- McClellan again invades Virginia -- Sigel is pushed forward from Washington, and takes position at Manassas -- the Federal main army moves east of the blue Ridge, and has Headquarters at Warrenton -- Lee marches in a parallel line through the Shenandoah Valley -- surprise and flight of Sigel upon the appearance of Confederate cavalry -- change of Federal commanders -- rapid march of the Federals to the Rappahannock -- battle of Fredericksburgh, December thirteenth.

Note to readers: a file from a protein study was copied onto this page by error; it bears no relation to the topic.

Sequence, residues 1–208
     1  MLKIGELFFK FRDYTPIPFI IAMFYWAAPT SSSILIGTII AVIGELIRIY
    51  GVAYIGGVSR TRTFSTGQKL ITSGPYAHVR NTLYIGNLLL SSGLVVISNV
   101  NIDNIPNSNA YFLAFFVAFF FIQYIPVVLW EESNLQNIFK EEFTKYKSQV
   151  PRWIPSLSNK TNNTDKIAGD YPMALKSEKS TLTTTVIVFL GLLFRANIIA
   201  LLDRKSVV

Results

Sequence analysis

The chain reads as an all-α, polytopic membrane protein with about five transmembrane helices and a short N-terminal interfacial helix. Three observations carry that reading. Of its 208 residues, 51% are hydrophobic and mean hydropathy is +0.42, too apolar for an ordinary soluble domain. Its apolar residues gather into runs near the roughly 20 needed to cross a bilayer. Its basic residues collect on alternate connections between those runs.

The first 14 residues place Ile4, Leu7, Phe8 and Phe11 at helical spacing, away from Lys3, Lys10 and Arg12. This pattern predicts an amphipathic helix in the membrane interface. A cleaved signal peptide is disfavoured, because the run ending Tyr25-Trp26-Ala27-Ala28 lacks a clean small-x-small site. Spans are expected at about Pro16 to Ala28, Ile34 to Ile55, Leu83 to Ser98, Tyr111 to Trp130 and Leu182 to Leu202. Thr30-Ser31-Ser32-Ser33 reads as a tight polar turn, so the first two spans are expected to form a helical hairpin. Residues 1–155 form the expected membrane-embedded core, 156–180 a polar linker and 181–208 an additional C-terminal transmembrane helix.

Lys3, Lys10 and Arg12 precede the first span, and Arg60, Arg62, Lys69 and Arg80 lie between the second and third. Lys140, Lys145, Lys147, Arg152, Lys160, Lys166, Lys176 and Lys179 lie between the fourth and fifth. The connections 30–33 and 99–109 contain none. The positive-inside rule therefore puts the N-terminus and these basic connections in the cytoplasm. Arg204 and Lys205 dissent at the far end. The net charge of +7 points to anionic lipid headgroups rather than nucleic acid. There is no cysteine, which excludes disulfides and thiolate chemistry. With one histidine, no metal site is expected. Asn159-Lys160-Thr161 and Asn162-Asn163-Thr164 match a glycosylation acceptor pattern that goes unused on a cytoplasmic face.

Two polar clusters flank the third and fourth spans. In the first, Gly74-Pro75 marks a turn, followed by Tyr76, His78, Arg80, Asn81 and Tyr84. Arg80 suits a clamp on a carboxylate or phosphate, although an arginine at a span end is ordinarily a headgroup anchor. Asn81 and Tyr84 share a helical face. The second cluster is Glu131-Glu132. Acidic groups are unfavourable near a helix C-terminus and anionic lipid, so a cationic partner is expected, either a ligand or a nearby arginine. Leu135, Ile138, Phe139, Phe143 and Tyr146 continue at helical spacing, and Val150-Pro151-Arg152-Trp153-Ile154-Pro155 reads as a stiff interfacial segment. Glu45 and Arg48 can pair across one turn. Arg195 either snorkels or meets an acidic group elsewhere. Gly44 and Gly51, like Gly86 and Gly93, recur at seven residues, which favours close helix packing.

How long McClellan would remain motionless in Maryland, or what caused his inaction, were to the many an insoluble problem. Although the daily demand of the Northern journals was for an immediate “on to Richmond” movement, the enemy seemed to be exceedingly loth to place foot again on Virginian soil. The Southern army was represented to be greatly demoralized by the “splendid and glorious” victory of Antietam; nevertheless, the Northern leaders in the field betrayed the greatest caution, and endeavored to surprise General Lee by every artifice which cunning could suggest. Southern generals, however, could not be hoodwinked; their eyes and ears were open to every movement; and they were accurately informed of all that transpired within McClellan's camp. How this information was obtained, or by whom, must ever remain profound mysteries to me; yet I confess the daily programme of Federal movements was as freely discussed by groups of officers at camp-fires round Winchester as they could have been in the large invading army of Maryland. Winchester was our pivot-point-whether for offensive or defensive operations — in the Valley; and had the enemy advanced up the Shenandoah, I see nothing in the world which could have prevented us from defeating them either en masse or in detail; for the ground from Bunker Hill, near Charlestown, to and beyond Winchester and Strasburgh, was admirably adapted for defence.. At the latter place, Lee could have  assumed a position which, fortified as he alone knows how, might have defied the best and most numerous armies in the world. McClellan was shrewd, and fully alive to the difficulties of that route; he had no supplies at hand in such a region, and could not be regularly served by his trains over a deserted and mountainous country. More than this, the possession of Winchester gave opportunities for Lee to pass between him and Washington. Having again fortified Harper's Ferry, the Federal army poured into Virginia, and took up their line of march east of the Blue Ridge; thus always presenting front to Lee, who in a parallel line slowly proceeded up the Valley, carefully watching any weakness in their front through which he could break and disjoint it. Both generals were looking into each other's eyes; but McClellan might have gazed for ever, and never divined any thing flitting across the mind of the calm-faced, smiling, modest, and unpretending visage of Lee. His face was a blank-all pallor and thought; but not a wrinkle, flush, twitch, or motion of the eye, gave the remotest idea of his thoughts and intentions. He passed from point to point without ostentation or show; his movements were quiet, undemonstrative, and calm; whether commanding generals or listening to couriers, he was the same as he had ever been an impenetrable block of marble. McClellan's movements seemed to indicate that indecision ruled in his councils. Sometimes there were tokens of an advance; then again a few days would suffice to dispel such conjectures, and warrant ideas of his speedy retreat; thus it was not until his Headquarters had been fully established at Warrenton, that we became sanguine and positive of his timidity. The Federal army was much larger than ours, and furnished with supplies beyond any thing hitherto imagined, in warfare; nor had its chief commenced his march, despite the blustering and anathemas of quill-valiant editors, until fully and superabundantly reenforced and equipped. Some time before his own advance, McClellan had pushed Sigel forward from Washington to Manassas Junction, with a reported force of thirty thousand men, but these were said to be levies and unreliable. Railroad communication was once again  perfected from Alexandria to Warrenton, and it soon became palpable that, as the main army was massed round the latter place, we might look to that point for indications of future movements. Whatever the intentions of Federal generals in their choice of routes, it was evident that the main object in view was the surprise and capture of Richmond by every possible means; but it was also clear that to accomplish this the enemy must cross the Rappahannock at some point, so that our generals in the Valley held their troops well together for instant movement, nor was there any thing neglected in our arrangements which could in any manner facilitate the rapid concentration of forces at various points. Longstreet's corps was clustered at the mouth of the Valley, ready to take position at any point behind the Rappahannock. Daily drill was incessant and severe, discipline was at its highest pitch, and reviews were not unfrequent among the various, brigades and divisions. At no period of the war were we more confident and gay; extensive appropriations and purchases during our brief sojourn in Maryland and on the Pennsylvania border, had/replenished our stores to such a degree, and Government had been so active meanwhile, in manufacturing uniforms and the like, that we scarcely knew ourselves; we were now so good-looking and comfortable, that we smiled to think how many of our former friends would mistake us for gentlemen! Slowly our army crept up to the mouth of the Valley, and equally slowly were McClellan's forces gathered around him at Warrenton. September and October had. passed without any demonstration of moment from the enemy, and now cold, bleak November whistled over the fields and mountains of Virginia. The army began to imagine that winter-quarters were intended, but from the temper of the Northern journals received in camp, it was plain that movements of some kind would be forced upon McClellan. About the tenth of November, unusual activity among the enemy occasioned more than ordinary vigilance with our outposts, and, to the astonishment of every one, a Federal deserter informed our guard of McClellan's dismissal, and of the appointment of Burnside as chief in command, adding, that their forces were almost upon the point of open mutiny in consequence.  Although this was fresh news to us, our generals smiled, having evidently known the fact long before our advanced posts. They well understood that McClellan had been superseded through political jealousy, on the plea of apparent inaction, and, consequently, that the new commander would be expected to march against us forthwith, to satisfy the universal clamor of the North, even should their army and journals reap naught but defeat and disgrace from such a movement. But even that was something! it was food for “sensation ;” illustrated journals could luxuriate in bloodthirsty wood-cuts, to please the million; other favorites would be forthwith installed in place; and an endless batch of fresh commissions and army contracts be issued for the delectation and emolument of office-holders or political partisans. All this was something, and fully appreciated by our commanders, who complacently smoked, and tightened the reins of discipline among us even more than ever. On the thirteenth there was proof positive that grand movements were transpiring within the enemy's lines, and it became generally known that Burnside was breaking up camps, and proceeding to the lower Rappahannock. Many argued that such a change of base was commendable in the Federal chief; for his depots, at Aquia Creek, could be supplied by transports, and stores conveyed inland by railway running from that point to Fredericksburgh. Whether he wished to force a passage over the river at Fredericksburgh, or merely intended to prepare for winter-quarters, were matters of some speculation. Burnside's movements, however, were no secret to our leaders; for Longstreet's corps immediately marched to Fredericksburgh, and arrived there before any large body of the enemy had appeared. It is true that the Stafford Heights, on the north bank of the river, were held by a Federal detachment many days ere the approach of their main army, but they had never attempted to cross over into the town. Picket-firing was constant along the river; but despite all this waste of powder, there were many who sincerely believed that Burnside had no serious intention of attacking, regarding this movement as a harmless display of force to divert our attention from his real  designs. On the seventeenth, however, all surmise was banished from our minds. General Sumner appeared before the place, and demanded its immediate surrender. The Mayor politely refused to recognize such a demand; and the town being filled with our troops, the municipal authorities were extremely valiant on the occasion, and apostrophized Jupiter and all the gods in fine style. Women and children, for the most part, were conveyed from town, and active preparations set on foot for fiercely disputing the passage of the river, by the construction of field-works on the hills and bluffs which ran parallel with the stream south of the city. All was done in secrecy, however; and, from the apparent quietness of our lines, the enemy were unable to form any conjectures of our position and force. The left wing under Jackson had not arrived, though it was rapidly pushing towards us; yet ascertaining that Sigel still held his corps at Manassas, and had not moved nearer to Burnside, Jackson sent a strong force of cavalry to reconnoitre, and their appearance filled the enemy with so much dismay that they instantly broke up camps and fled in disorder to Washington. It was supposed that this cavalry detachment was Jackson's advance guard, and that we were endeavoring to get between them and the capital, as of old. Whatever their ideas, the. retreat was a most hurried and disgraceful affair; whole regiments threw down their arms and rushed towards Alexandria post haste, shouting: “Jackson is coming! he is again in our rear!-Old Stonewall, with one hundred thousand men, is marching on Washington!” On the twenty-first, Burnside personally demanded a surrender of the town, and threatened to bombard it in case of refusal. The threat was treated with the contempt it deserved, and every non-combatant was ordered from the place. It was now daily expected that the enemy would make some desperate attempt at crossing in face of all opposition; yet day followed day until November had passed, and still no signs of Federal movements. Our position at Fredericksburgh was admirably chosen. We were posted on a range of hills which more or less extended from a bend of the river on our left to some six miles, and  across the Massaponax River, which ran at right angles with the Rappahannock, and formed the right of our lines. In truth, it might be said that the landscape from these hills to the river was like an amphitheatre; the intrenched Confederates having all the boxes, the stage being the valley in which is placed the red-brick town of Fredericksburgh. The Rappahannock is seen to run above and below the place; and, except a few houses scattered here and there over the scene, there is nothing to relieve the eye from the bleak, dry, cold, frosty, and windy aspect of the whole. All the woods are leafless, and the cold dry branches rattle in the piercing winds like skeletons in chains. Few fires are seen to burn in Fredericksburgh, and smoke ascends but seldom. Our men are quartered in deserted houses, and keep vigilant guard along the river-bank, both night and day; and, although piercing winds and sleet and rain, prevail, the active picket walks his post, and none can move without being sharply challenged. The men have dug pits along the river to conceal themselves under fire and for shelter. The enemy have done the same; and it is so cold and dreary that none can imagine any general would have the heart to move troops in weather like this, when guards have frequently have been found frozen and dead at their post. The enemy's position and strength are also concealed; and they likewise can look down into the town from the Stafford Heights, and could destroy it in ten minutes with the formidable array of guns and batteries which overlook and are pointed at it. During cold, frosty nights, we can hear their trains running from Aquia Creek, and they can hear ours also; for guns of heavy calibre and all munitions of war are being rapidly brought to the front from Richmond; and every hill commanding a view of the valley at our feet is swept by cannon, but so concealed by undergrowth, woods, or undulations, that the enemy cannot detect them. The hills to our extreme left, near a bend of the river, are crowned by the residence of Dr. Taylor; to the right of these a toad runs from Fredericksburgh to the Wilderness and Chancellorsville; to the right of this road rise Stansbury Hill and several others; to the right of these runs a plank road leading from the centre of the town through our left centre; to the  right of this is the enceinte called Marye's Hill. Hazel Creek runs between this latter position and Lee's Hill, which, from its altitude, was selected for Headquarters. The Richmond railway divided our left under Longstreet from our right under Jackson, the latter being strongly posted on a series of hills and well fortified; the extreme right and right flank being in charge of Stuart. The force of Longstreet on the left included the divisions of Ransom, McLaws, and Picket, Anderson being on Marye's Hill; Cobb being posted behind a strong stone wall at the right base of the latter, commanding all approach up the open lands of the Hazel Creek, while Hood and others filled up the space to the railroad where our right commenced under Ambrose Hill, Early, and others, up to Stuart, who, with his mounted division, light artillery, and infantry, held the extreme right and right flank. D. H. Hill was held in reserve. Heavy batteries protected our extremes, right and left. The Washington artillery corps was detailed for special duty at Marye's and Lee's Hills, and Colonel Walker was posted on our right. The distance of the enceinte from town was not more than four or five hundred yards. Other places on the right and left of our lines were a considerable distance from it and the river; but in the more exposed positions nearest town, long lines of breastworks had been dug, behind which our men could be admirably posted when necessity demanded it. In truth, the position, though naturally strong, had been carefully improved by our indefatigable engineers, and batteries were numerous at all points; so that, with our army of eighty thousand, we could complacently remain undemonstrative until the enemy should foolishly advance. Pickets from various brigades were scattered up and down the river, Barksdale's Mississippi troops occupying the town. Cavalry patrols were frequent at all points of the river, closely watching the enemy, who, down the stream at Hamilton's crossing, were particularly busy, as if preparing to force a passage. From the latter point, a road leads round to the rear of our right, and others running south of the town passed through its centre; so that much attention was paid to the enemy's manoeuvres, for the threatened attack in this quarter was the most practicable and scientific they could have selected.  Notwithstanding frequent demonstrations it was evident the enemy were disinclined to move; a tardiness which very much surprised us, as Burnside's sudden and rapid change of base from Warrenton had led many to believe that his movements generally would be expeditious. As this state of inaction was distasteful to out leaders, and particularly so to Stuart and his restless brigadiers, cavalry frequently crossed the river, and made annoying incursions upon the Federal rear, and effected all manner of captures without hindrance from the enemy. On the twenty-eighth of November cavalry crossed by one of the upper fords and captured several squadrons of Pennsylvania horse on duty at the outposts, and did not lose a man; for the foe meekly surrendered without making the shadow of resistance. Fitz-Hugh Lee and Hampton also frequently distinguished themselves; and, operating, on the enemy's line of supply, dashed into Dumfries and other places, dispersing the guards, and making a clean sweep of every thing; so that, from our constant boldness, the enemy were bewildered, and knew not on which flank to look for Stuart's ubiquitous troopers; for they were successively here, there, and everywhere, burning, capturing, annoying, or fighting, and, by their activity and nerve, seemed to magnify their numbers tenfold. The first week in cold, bleak December had passed over our cheerless lines, and every expedient was resorted to by our troops to keep themselves warm. Wood was scarce to the front in many places, and our men on duty could be seen blowing their fingers and holding conversation with Federal guards ;1 but, on the ninth and tenth, unusual activity seemed  to prevail on the Stafford Heights, and outposts brought in word that during the night heavy wagon-trains could be heard moving, and the noise and cursing of teamsters whipping their horses, mules, and oxen, were very frequent immediately opposite the town. This was explained when, on the eleventh, as soon as the fog lifted, our men in town espied large numbers of the enemy engaged in constructing pontoon bridges, and immediately opened upon them a galling and destructive fire. From their screened position, it was impossible to touch our men with gun-shot or rifle, for they were scattered in all directions, in houses, barns, and every imaginable place where shelter could be obtained. The incessant fusilade so annoyed the enemy as to cause the total suspension of their bridge-building; and, at last, several field-pieces were brought to bear upon us for some time, and our sharpshooters desisted. Taking advantage of this, bridge-building was commenced again, and swarms of the enemy could be seen like magnified ants moving to and fro with beams and boats, and a thousand etceteras required in their unpleasant undertaking. Our sharpshooters recommenced their fire, and the enemy retired. Vexed and annoyed at our impudence and pertinacity, they pointed more than a hundred guns at the town, and commenced an earth-shaking cannonade; the smoke and flame from their pieces on the Stafford Heights were so great that it seemed as if the earth was vomiting forth sulphurous lava. Houses fell, timbers crashed, dust rose, flames ascended, and, from our position as spectators in the boxes of this amphitheatre, it seemed as if we were innocently gazing at some noisy and smoky episode of Napoleon's wars, as often represented on the French stage. The whole town seemed alive; one ran here, another there. Unlucky citizens, who remained too long, or had screened themselves in hopes of the enemy's speedy arrival, now came forth from their hiding-places, and not a few Dutch Jews were observed panting under heavy loads of tobacco, which they had secreted. Shells of every size and form were screaming and whizzing through the air, and their explosion was always attended by a sudden uprising of beams, dust, doors, chairs, bedsteads, and the like, until at last the place looked like a vast broker's shop, filled with odds and ends of things indescribable.  How our valiant pickets fared during this terrific visitation, I know not; they scorned to retreat, and still maintained an accurate fire. It was not until a large Federal infantry force had crossed above and below town that they withdrew from their covert of smoking and burning ruins. Lee seemed perfectly satisfied with the aspect of affairs. Burnside was constructing several bridges under cover of the town, in which they hoped to conceal any force that crossed. Franklin on their left was similarly engaged near the mouth of the Massaponax; and Sumner was above town near Falmouth, busy in the same occupation. We could not successfully prevent the construction of these bridges-those at Fredericksburgh itself were the most numerous and important, but perfectly hidden from our view by the town; and it is possible, judging from his inactivity, that Lee was not desirous of molesting their labors, but too happy indeed to see them perfectly unconscious of the coming storm. During the eleventh and twelfth the enemy were rapidly crossing at the various bridges; and we could see them marshalling their hosts in the valley. Franklin's wing had first crossed, and proceeded to form line parallel with the stream; his left in full force close to the Massaponax, and his right beyond Deep Run Brook. Beyond this point to and in front of the town, no troops appeared in numbers, The Federal right, under Sumner, had crossed at and above the town by several bridges, and its left rested close to the city; so that the entire left and right of the Federal army were plainly in view, in columns or deployed; but in the centre, opposite to our enceinte of Marye's Hill, no troops appeared, though it was evident that Fredericksburgh literally swarmed with them; and that a few well-directed shells could have caused the instant and noisy upheaving of the whole living, motionless mass concealed there. Federal dispositions continued without hindrance on our part. Our front was very quiet and unpretending, and, as we peered over breastworks or peeped from long lines of rifle pits at the dark lines wheeling and marching in open ground, we could not but confess that their generals should be capable of accomplishing something astonishing with such a host as that, supported and covered as it was by numberless batteries on the hills and bluffs behind.  Strict and vigilant guards were numerously posted at all points down in the valley during night, and they occasionally heard the Federal countersigns exchanged;, but the greatest secrecy marked the conduct of our cavalry at the mouth of the Massaponax, for it was uncertain what Franklin might attempt under cover of the night, as his force was apparently very large, and so stationed as to be able to take up the line of march to our right rear, should it have been determined to open the engagement in that manner. The morning of December thirteenth dawned, and all was feverish expectation. Noises from the valley and loud-toned commands told of Federal leaders marching and counter-marching in the fog and mists. None now doubted the certainty of battle, but prepared for it with calmness and determination. The rattle of picket-firing on our right gave tokens of the prelude, and all desired that the sun would lift the foggy veil from the valley. Between nine and ten o'clock the view was clear, and there stood our enemies, right, left, and centre, just Upon the point of moving. Couriers, generals, and aides were prancing and dashing about in the valley, and as our mounted men raced to and fro in hot haste to our rear, they would turn a hasty glance at the imposing scene below and hurry onwards. The report of artillery on our right., and the rattle of rifles, told of an engagement which increased in intensity every moment. Batteries on Stafford Heights opened on our left and centre, and numerous shells were screaming and bursting in all directions around the base of Marye's and Lee's Hills. Our guns replied coolly and deliberately, and hostile shot and shell coursed to and fro overhead, throwing up columns and clouds of dust wherever they fell. The Federal right, under Sumner, was the especial and favorite object of all our cannoniers, and (as an artillery officer coolly observed) our shell fell and burst “beautifully” among their closely-packed brigades. I have heard of and seen “daylight” let though an approaching column, but never, until at Fredericksburgh, did I see complete “lanes” ploughed out of human bodies. It was now near noon, and the crash of musketry to our right told that Jackson and his wing were fully engaged, and, as usual, repulsing the enemy at every point; but the  threatening aspect of the foe at our centre and left drew the attention of all to those quarters. The cannonade from Stafford Heights had now increased to such a pitch of fury that none doubted its object. Their attacking columns began to move, and moments seemed like ages of suspense. Our fire had been feeble, but now that their masses came forward-one immediately in front, and one on each flank of Marye's Hill-our infantry suddenly rose and poured such rapid volleys into them that the advance was impeded by their own dead. As for our cannon, I can only say that they could not miss the enemy, whose fearful and swift destruction was appalling to see. Unheeding the cannonade from across the river, the Washington artillery corps paid exclusive attention to infantry before them, and shells dropped among their masses, making fearful rents at every discharge. The crackling of bursting shells and sharp ring of the rifle were incessant — a flank fire assailed them from our extreme left, so that regiments never advanced farther than to the base of our position; and as they halted, and staggered or swayed, and broke, our men, from breastworks and rifle-pits, and from every imaginable place, were pouring into their bleeding masses showers of small shot. Again and again were the enemy re-formed, and advance succeeded advance as fresh regiments rushed over heaps of slain, to be themselves torn in an instant into mangled and bleeding shreds. The position was unassailable — a sheet of flame streamed across our whole front, and destroyed every thing mortal that approached it. Some of the Federal regiments marched farther than others, and even ascended the “rise,” but here infantry uprose and checked them, and again would the enemy pause, feebly struggle, and reel back into the valley exhausted and bleeding. The sight was horrible. It was not a scientific battle, but a wholesale slaughter of human beings for the caprice of one man, who, two miles across the river, sat upon the heights, glass in hand, complacently viewing the awful panorama below.2  But if the enemy had mercilessly sacrificed life in their insane attempt to storm Marye's Hill, they had been extremely busy, likewise, before other parts of our position. It was conceived possible to flank the enceinte by moving up the open grounds of the Hazel Creek, and sever our right and left. A large body was soon espied moving up to the stone wail which protected that position, and were unmolested in their advance, for Cobb carefully screened his men, and although the Federal batteries covered this movement, their shot and shell did trifling damage; nor did our pieces on Marye's Hill, Lee's Hill, or Hill's position south of the railroad, give any token of resistance. The Federal advance, therefore, was quickly accomplished; but when the enemy came sufficiently near, our troops rose up from their ambuscade, and batteries acting in concert, poured such terrific volleys upon them from front and flanks that they retreated in amazement and confusion. Like the attacks on our left, on Marye's Hill, and elsewhere, they repeatedly re-formed and attempted other advances; but the delivery of our rifle and artillery fire was so cool, regular, and destructive, that they gave up the assault in despair. Nothing could surpass the consummate steadiness of our troops in face of these successive attacks. Not more than one third were in actual line of battle, for the rest were drawn up to the rear, ready to be sent in any direction required; but what few were in front looked upon the affair as virtually settled, and went to work as indifferently as butchers engaged for a busy day's work in the shambles. Ambrose Hill's position was also assaulted early in the day, and report said that some of his young troops had given way; but the gap thus occasioned in his line was soon filled up. The enemy, who had obtained a footing in woods to his front, were driven thence with such fury that the entire Federal line from left to right was forced into the valley; and Stuart's, Walker's, and Walton's batteries pelted them with shot and shell from front and flanks without mercy. The battle thus far had prospered with us; the enemy had frequently paused and then attacked again, but the mounds of dead on every hill-side, and numerous black and motionless spots which dotted all our front, even to the streets of  Fredericksburgh, gave sickening evidence of their fearful loss and blind insanity. It was now far past noon, and the sun was fast sinking in the west; our generals were restless and active as ever; cannon still belched forth from either side, but from the long pause and re-formation going on among the dark lines below, it was conjectured they would not desist from their mad project until another grand assault had been attempted. Their force was still formidable in appearance, but evidently dispirited, and the continual and rapid movements of mounted officers in all directions, gave evidence of their industry and anxiety to restore discipline, confidence, and courage. Long lines of stretcher-bearers, thus early in the day, were slowly winding in sorrowful procession in all directions, while a multitude of ambulances, with yellow flags flying, could be discerned winding over the hills beyond the river. The town seemed crowded with troops, for we could occasionally catch glimpses of them as their bayonets flashed in the many streets, and from church-steeples, house-tops, and on the Stafford Heights, their signal corps was busy in telegraphing orders from, point to point. Lee, Longstreet, and Jackson, had been in frequent conference during the day; but the illustrious heroes appeared so calm, indifferent, and smiling, that as they slowly walked their horses from point to point, receiving messages or giving orders, it was clear they were confident of a successful issue to our laborious day's work of slaughter. When the first gun had opened in the morning, Lee slowly trotted along our whole front, and took up his position on the extreme right of our lines, where Stuart and his horse artillery were making sad havoc with Franklin's left flank. It was imagined by all that the enemy would deliver a grand assault upon Jackson's position, and endeavor to penetrate or sever it along the roads which lead around and through it at several points; but when Lee observed the feebleness of their attack in that quarter, and how easily they were driven pell-mell into the valley again, he retraced his steps and took his stand in full view of Marye's Hill. On Lee's Hill were several very large guns, recently made at Richmond, which maintained a furious roar all day, and seemed to be a favorite mark for the  foe, who, from their elevation on Stafford Heights, threw over hundreds of complimentary shell, but without doing more damage than blowing up vast heaps of earth. It cannot be denied, however, that Federal artillerists maintained an accurate and steady fire upon our whole front, but the troops exposed were so few that little damage was done to life or limb. Their pieces were directed at a few sharpshooters behind earth embankments, ours were pointed at dense masses of men; hence it was that not one out of ten shells ever inflicted damage upon us; but every fragment of our grape made a rent in their attacking columns, and left its monument of bleeding carcasses. “Their practice is good,” said a distinguished artillery officer, viewing shells fall and explode a few feet below him round the base of Marye's Hill, and among our line of busy sharpshooters. “Yes, it is excellent,” was the rejoinder from an old brigadier, who, with slouched felt hat and cigar, was gazing on the scene below with much interest. “It is well, colonel,” he added, “that Lee has kept two thirds of his troops from the front, or we should lose considerably. How many pieces have they, think you, on the heights?” “I have been narrowly scrutinizing their force all day, General, and imagine they have considerably more than one hundred thousand men before us, and over three hundred guns. I should judge that one hundred of the latter are on the heights, and certainly many of them are of heavy calibre.” One or two shells thrown with great rapidity and precision fell within a few feet of these officers, who took the hint and moved away. I learned that the infantry attack on Hill's and Cobb's positions had been very severe, and was desperately maintained by both sides for some time, but except the fall of General Maxey Gregg,3 who was shot in the side and spine while leading on his brave South-Carolinians, I had not heard of any casualties among our officers. In truth, our loss along the whole line was remarkably small, and amazed many who  could not conceive it possible that so many shot and shell had been hurled at us, and with such little effect. The troops we had seen all day in the town now advanced into the valley and deployed. Every preparation was seemingly perfected for a general and final advance. Skirmishers fell back and rallied on their regiments; artillery opened again upon their columns from every direction, and numerous well-served Federal batteries returned our fire with a deafening roar. Dust and shells were flying in all directions, but on came that glittering mass of bayonets, extending for miles in front, and again they assailed our position with spirit and determination; but melting ranks and confusion, indecision, and exhaustion, were more than men could bear, and again they slowly retired to the river's edge, broken, dispirited, and beaten. This seemed to be their last attempt, and, except a continual cannonade, all operations ceased. The sun had dipped beyond the hills, and a thick white vapory fog slowly fell along the whole river, screening their force and movements from view; but to guard against all surprise, pickets and sharpshooters were thickly posted in the valley, which now became more cloudy and obscure, so that, except to the immediate front of Marye's Hill, no movement of the enemy could be well discovered. Trickery was expected, and strict guard maintained at all points. Since the artillery ceased, nothing could be heard except the groans of unhappy, mangled, wounded, and dying thousands, who lay in unsightly groups all around our various positions and at the base of the hills. An alarm was soon given of the enemy's approach, and our whole line was again on the alert, when rapid firing broke out at the right base of Marye's Hill, which Cobb had so well defended from behind the stone fence. It appeared that a heavy body of the enemy had quietly ascended up the banks of the Hazel under cover of the evening, and thought to seize that position, thus getting into the rear of Marye's Hill; but they were received so coolly, and with such a destructive fire, that they retreated with the utmost expedition and in the greatest confusion. Thus the slaughter at Fredericksburgh closed. Sumner, Hooker, Wilcox, Meagher, French, and a host of other leaders, had been routed on our centre and left — Franklin, Meade,  Jackson, Bayard, and Stoneman, had met with a fearful repulse on the right; for miles their dead and wounded lined the front of our works, and were scattered up and down the valley in great profusion; but even nature seemed shocked at such frightful carnage, and mercifully threw a veil of fog and darkness over the crimsoned valley. Cold and bitter as was that bleak December night-cheerless and sad to thousands in the valley, whose oozing wounds were frosted and frozen — few went forth to assist them, save from our own lines; and there those frightful masses lay huddled together, the dying with the dead; some jerking in the last throes of death, others gasping for water, writhing with agony, laughing deliriously, cursing demonically in all the tongues of Europe. Save for the quick, sharp challenge of vigilant pickets posted in the valley, the lightsome footfalls of relief guards, gliding like shadows through the mists in their journeys to the front, the moans ascending on every hand, and the click of spades in the hands of those strengthening breastworks, all had subsided into a death-like calm. None unaccustomed to war would imagine that so many thousands of men were grouped closely together in the valley or on the hills ready to renew the awful scenes just enacted. Exhausted and unstrung, our men were fast asleep, and many of them far to the front among the dead and dying; yet let me not deny that, wearied though we were, the distant moan or faltering supplication often caused us to rise and give relief to some expiring enemy. Most of our own men had been cared for, and taken to the rear, but heaps upon heaps of the foe were scattered in every direction, and one could not move a dozen yards without stumbling against some voiceless, inanimate carcase, or slipping in pools of blood or scattered entrails. Such is war-“glorious” war-glorious indeed when troops had fought as ours had done for liberty and birthright, but in every other sense the most horrible and lamentable curse that God could permit his people to inflict on each other! Morning dawned, the mists arose, and still the enemy were there. No token gave indications of a further advance. The whole day passed without a movement of any kind, and no disposition seemed to be made for the care of the enemy's dead or  wounded. In pure compassion for the heart-rending spectacle before us, many of the sufferers were collected and attended to by our surgeons, but as none knew at what moment hostilities might again re-commence, we could not enter heartily into the work of charity. Many of our men were never allowed to be exposed in front, and the few on duty there were for the most part employed in repairing old or building new breastworks. Next day passed as the former one, and still no signs of the enemy's coming. Their lines were apparently in excellent order, and the Stafford Heights frowned ominously with additional batteries; so that had we advanced into the valley, a fearful cannonade would have assailed us. In the evening, we all imagined that the morning would surely usher in a decisive engagement, whether offensive or defensive on our part; but during night a fearful storm arose, so that we could neither hear nor see our own patrols, and as morning advanced, and the valley cleared, we discovered that the whole Federal army had escaped under cover of night, and were safely on the north bank again. When the enemy's retreat became known to our army, loud yells rent the sky, and must have been plainly audible to Burnside's forces across the river; but whether these were indicative of rage or pleasure at the retreat I cannot imagine, but fancy they arose from a commixture of both those feelings. It soon became known that a convention had been entered into for the burial of dead, and the valley swarmed with our troops, who were speedily engaged in the work of interment; but when I visited the town, and beheld the sad havoc done them by the Vandals, I almost felt sorry to think I had ever given a cup of water to their wounded and dying. Every house was gutted and robbed; furniture, bedding, and household goods of every kind were maliciously broken and scattered through the streets; doors, windows, banks, churches, school-houses, all were destroyed or despoiled, while in every dwelling, amid pools of blood, were laid their dead and dying, whose pallid faces, staring eyes, gaping wounds, and frigid limbs, twisted into frightful distortions, met the Southern soldier at every turn in this once pleasant and hospitable town, so wilfully destroyed. The bombardment had done great mischief; houses were tottering to their foundations, and everywhere gave proof of the passage  of shell and bullet among smouldering ruins; but it remained for these valiant invaders to give a finishing touch to their barbarism by despoiling and desecrating churches, accumulating filth in the holiest of places, wantonly destroying all that came to hand, and then leaving their dead and wounded to the care of those whose residence or property it had once been. I have read of Goths and Vandals, of Huns and Danes, but never could I have conceived of a boastful enemy, laying claims to the highest civilization, capable of exhibiting such low caste on the battle-field, or so much petty malice among an unoffending people, as these same hordes of hypocritical Yankees, whom it has been my fortune to meet in a short but exciting military career from Bull Run to Fredericksburgh.4